A Cultural History of the Elements, from Arsenic to Zinc, is a slightly misleading title—Aldersey-Williams actually focuses on a few dozen elements in the periodic table, from the history of their discovery and real-world uses, to their social history and popularity over time. Periodic Tales reminds you how often we take advantage of everyday objects and technology without knowing any of the background. These stories offer the context of history and mythology, with particularly interesting anecdotes about how specific elements influence art, literature, and language.
Some of my favorite tidbits include –
- Platinum gained drastic popularity when the high society needed a “new gold”. Now we have platinum blondes, platinum albums, and platinum credit cards.
- The common street lamp, often complained about by artists and astronomers alike, is made possible with sodium, a metal so light it could float on water, if it wasn’t for fact that it explodes upon contact with it.
- Cadium inspired entire art movements (compare the vitality of color between Rembrandt and Van Gogh)
- Arsenic became so widespread as a poison it was also known as “inheritance powder”
One of my biggest beefs with nonfiction is a tendency for authors to dumb down their material, belaboring a point proposed in the introduction in each subsequent chapter. Periodic Tales manages the other extreme. Aldersey-Williams uses so many different types of anecdotes and examples that have little or no common theme that the storytelling appears meandering and flighty. These examples are uneven in quality, so if you don’t find one particularly interesting, the topic will change soon. Each element in question fits into one of the following categories—power, fire, craft, beauty, and earth—which themselves impart a vague structure.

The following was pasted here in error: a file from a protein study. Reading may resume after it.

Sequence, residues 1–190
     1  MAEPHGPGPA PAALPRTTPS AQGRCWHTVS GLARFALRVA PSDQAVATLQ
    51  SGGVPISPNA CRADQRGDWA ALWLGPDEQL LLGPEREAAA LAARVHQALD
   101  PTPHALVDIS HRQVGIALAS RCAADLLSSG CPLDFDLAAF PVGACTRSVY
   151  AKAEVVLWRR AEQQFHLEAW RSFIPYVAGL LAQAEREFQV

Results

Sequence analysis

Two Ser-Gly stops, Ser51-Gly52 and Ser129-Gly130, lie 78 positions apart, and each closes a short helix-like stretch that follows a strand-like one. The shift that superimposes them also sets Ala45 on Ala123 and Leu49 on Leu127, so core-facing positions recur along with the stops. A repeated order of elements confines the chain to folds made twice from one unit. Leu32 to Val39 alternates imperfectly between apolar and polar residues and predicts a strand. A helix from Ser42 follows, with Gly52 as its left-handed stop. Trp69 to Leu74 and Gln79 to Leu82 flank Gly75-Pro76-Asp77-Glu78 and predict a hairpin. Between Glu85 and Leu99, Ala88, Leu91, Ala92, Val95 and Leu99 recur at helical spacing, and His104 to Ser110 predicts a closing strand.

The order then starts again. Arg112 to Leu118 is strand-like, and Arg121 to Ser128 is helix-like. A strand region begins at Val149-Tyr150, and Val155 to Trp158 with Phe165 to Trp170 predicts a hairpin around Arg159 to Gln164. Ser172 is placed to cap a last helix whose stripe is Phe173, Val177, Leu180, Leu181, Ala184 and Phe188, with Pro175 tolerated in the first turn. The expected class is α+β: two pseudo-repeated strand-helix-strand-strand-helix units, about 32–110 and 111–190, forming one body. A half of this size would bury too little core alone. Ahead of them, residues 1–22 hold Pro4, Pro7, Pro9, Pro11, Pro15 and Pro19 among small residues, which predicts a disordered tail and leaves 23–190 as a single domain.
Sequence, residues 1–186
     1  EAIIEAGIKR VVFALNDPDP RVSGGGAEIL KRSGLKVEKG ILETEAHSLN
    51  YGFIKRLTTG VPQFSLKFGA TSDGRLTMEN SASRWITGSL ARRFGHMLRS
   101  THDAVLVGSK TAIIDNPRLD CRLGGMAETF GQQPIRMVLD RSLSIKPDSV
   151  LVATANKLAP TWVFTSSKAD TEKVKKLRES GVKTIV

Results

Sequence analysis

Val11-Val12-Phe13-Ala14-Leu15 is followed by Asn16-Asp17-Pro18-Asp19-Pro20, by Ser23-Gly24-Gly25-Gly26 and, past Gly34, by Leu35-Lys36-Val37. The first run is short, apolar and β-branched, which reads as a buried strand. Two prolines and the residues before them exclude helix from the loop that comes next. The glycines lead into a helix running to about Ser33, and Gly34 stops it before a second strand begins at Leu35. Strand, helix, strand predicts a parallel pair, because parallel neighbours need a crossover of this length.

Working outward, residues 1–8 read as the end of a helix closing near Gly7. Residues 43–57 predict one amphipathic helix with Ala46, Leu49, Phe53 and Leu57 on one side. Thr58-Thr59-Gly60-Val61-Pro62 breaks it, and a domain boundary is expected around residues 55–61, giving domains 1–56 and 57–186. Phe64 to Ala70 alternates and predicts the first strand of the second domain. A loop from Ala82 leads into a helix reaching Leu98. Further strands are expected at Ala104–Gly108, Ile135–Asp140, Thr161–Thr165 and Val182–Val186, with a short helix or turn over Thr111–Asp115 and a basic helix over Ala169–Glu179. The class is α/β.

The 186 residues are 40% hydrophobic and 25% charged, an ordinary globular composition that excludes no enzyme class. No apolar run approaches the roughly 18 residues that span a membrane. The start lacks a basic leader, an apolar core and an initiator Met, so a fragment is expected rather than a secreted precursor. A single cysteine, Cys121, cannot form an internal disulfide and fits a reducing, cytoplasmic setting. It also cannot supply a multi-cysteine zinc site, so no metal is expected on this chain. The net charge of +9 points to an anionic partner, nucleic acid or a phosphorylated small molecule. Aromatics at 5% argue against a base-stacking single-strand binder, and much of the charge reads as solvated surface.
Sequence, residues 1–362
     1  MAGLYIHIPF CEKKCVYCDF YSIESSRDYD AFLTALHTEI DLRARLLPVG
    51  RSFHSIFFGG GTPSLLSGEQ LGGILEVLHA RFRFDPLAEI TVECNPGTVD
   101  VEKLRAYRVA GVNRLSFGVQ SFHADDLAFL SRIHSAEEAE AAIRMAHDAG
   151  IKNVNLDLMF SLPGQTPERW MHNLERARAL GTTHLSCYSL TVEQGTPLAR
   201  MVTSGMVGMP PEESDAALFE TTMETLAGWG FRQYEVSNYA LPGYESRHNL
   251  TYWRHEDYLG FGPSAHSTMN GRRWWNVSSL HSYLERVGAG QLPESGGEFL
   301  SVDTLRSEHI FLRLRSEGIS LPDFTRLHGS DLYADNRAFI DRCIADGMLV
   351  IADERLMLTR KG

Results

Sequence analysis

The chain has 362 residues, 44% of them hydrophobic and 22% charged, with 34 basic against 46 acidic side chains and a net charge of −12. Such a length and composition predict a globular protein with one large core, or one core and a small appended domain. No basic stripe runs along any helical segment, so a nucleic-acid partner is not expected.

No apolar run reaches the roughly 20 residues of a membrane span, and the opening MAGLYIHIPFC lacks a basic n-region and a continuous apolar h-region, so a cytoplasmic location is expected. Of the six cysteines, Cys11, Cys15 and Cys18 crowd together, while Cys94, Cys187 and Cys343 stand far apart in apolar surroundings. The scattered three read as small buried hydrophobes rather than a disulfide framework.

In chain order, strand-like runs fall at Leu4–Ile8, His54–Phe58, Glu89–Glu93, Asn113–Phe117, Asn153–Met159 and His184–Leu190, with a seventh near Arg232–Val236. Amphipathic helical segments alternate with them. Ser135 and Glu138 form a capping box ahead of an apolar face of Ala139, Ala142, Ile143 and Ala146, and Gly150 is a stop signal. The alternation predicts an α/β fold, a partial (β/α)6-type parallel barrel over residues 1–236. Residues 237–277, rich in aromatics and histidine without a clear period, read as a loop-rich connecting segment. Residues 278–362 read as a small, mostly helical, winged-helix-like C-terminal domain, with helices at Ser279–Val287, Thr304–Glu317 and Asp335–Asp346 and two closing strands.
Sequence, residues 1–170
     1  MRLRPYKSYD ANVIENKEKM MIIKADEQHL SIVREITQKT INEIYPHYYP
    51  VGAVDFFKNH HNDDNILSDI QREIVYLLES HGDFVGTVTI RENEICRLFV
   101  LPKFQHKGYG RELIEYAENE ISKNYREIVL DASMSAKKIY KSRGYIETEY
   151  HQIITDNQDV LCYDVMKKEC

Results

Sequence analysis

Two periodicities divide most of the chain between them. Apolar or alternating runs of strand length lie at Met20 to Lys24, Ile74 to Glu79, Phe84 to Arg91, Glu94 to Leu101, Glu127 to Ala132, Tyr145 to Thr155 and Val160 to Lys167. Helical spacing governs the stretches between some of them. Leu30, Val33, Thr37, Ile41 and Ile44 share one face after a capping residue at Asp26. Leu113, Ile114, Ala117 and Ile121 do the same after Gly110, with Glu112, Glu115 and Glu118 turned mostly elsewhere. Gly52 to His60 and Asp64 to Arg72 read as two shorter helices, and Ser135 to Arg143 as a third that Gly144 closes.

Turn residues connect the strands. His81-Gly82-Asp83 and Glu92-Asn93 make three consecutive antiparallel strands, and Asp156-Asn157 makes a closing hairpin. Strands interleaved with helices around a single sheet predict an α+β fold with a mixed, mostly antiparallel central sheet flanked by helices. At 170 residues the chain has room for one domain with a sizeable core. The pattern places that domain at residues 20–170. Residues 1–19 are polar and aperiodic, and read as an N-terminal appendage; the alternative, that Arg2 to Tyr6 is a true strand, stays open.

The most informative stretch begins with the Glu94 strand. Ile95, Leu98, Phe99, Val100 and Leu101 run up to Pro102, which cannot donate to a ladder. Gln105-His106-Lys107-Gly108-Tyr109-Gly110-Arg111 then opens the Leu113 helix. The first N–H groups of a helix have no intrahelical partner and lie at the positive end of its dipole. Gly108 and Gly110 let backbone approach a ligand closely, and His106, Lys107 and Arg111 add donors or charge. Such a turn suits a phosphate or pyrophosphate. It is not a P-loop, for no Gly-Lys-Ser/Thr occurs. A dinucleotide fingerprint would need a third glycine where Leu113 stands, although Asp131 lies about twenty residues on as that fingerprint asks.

Periodic Tales is wonderfully interesting if you discount a want of any narrative cohesion. Recommended for readers who are good at recalling “useless facts”, because this is a treasure trove of tidbits to impress your mates down at the pub. Otherwise, be prepared to take notes, teach a friend the stories you want to remember, and read sporadically.